A Three-Dimensional Interfacial Spectral Boundary Element Algorithm for Capsules and Erythrocytes in Strong Flows

Walter R. Dodson III, Fischell Department of Bioengineering, University of Maryland, College Park, MD 20742 and Panagiotis Dimitrakopoulos, Chemical and Biomolecular Engineering, University of Maryland, 2113 Chemical Engineering, College Park, MD 20742-2111.

The study of the interfacial dynamics of artificial or physiological capsules (i.e. membrane-enclosed fluid volumes) in Stokes flow has seen an increased interest during the last few decades due to their numerous engineering and biomedical applications. In this work we restrict our interest to elastic membranes with shearing and area-dilatation resistance but negligible bending resistance. This class represents a wide range of artificial capsules as well as the human red blood cells. To solve this problem, several computational methodologies based on low-order interpolation schemes have been employed (e.g. immersed boundary and boundary integral algorithms). While these methodologies are able to study the capsule deformation at low and moderate flow rates, they are unable to determine the capsule dynamics at strong flows where the interfacial deformation is large.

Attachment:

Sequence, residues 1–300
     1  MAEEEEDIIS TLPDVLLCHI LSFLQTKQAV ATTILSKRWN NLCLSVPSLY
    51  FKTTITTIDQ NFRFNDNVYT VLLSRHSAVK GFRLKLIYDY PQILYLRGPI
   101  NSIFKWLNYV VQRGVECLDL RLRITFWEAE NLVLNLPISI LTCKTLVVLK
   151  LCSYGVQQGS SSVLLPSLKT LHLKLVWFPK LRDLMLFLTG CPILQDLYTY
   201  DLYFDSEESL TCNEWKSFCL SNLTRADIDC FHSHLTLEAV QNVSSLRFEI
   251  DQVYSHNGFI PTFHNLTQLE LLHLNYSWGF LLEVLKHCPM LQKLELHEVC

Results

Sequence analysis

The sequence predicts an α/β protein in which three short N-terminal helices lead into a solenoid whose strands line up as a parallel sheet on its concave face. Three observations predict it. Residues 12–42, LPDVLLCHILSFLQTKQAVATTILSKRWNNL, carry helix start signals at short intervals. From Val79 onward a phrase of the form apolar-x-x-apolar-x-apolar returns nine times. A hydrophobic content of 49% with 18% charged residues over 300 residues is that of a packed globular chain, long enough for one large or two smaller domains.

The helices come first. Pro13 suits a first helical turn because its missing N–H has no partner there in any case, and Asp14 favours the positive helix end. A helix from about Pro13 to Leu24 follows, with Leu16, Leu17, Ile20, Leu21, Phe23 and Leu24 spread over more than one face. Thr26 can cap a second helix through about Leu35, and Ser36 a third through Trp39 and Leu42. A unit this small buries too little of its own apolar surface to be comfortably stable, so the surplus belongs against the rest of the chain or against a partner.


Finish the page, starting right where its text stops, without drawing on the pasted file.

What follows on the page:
To overcome this, we have developed a spectral boundary element algorithm for interfacial dynamics of three-dimensional capsules in Stokes flow. Our methodology preserves the main characteristic of the spectral methods, i.e. the exponential convergence in the interfacial accuracy as the number of spectral points increases, but without creating denser systems as spectral methods used in volume discretization do. Owing to its spectral nature, our interfacial algorithm has the significant advantage of the accurate determination of any interfacial property, including geometric derivatives and membrane tensions. We believe that this is an important issue for the correct and accurate determination of very deformed capsule shapes made from membranes obeying non-linear elastic laws such as the Skalak and neo-Hookean (or Mooney-Rivlin) laws.

In contrast to the existing low-order methodologies which are unable to study interfacial dynamics at high flow rates, our spectral algorithm predicts stable transient and steady-state capsule shapes in these flows. The pointed profiles of these shapes are in qualitative agreement with experimental findings. Our results for erythrocytes in strong shear flows are also in excellent agreement with experimental findings from ektacytometry.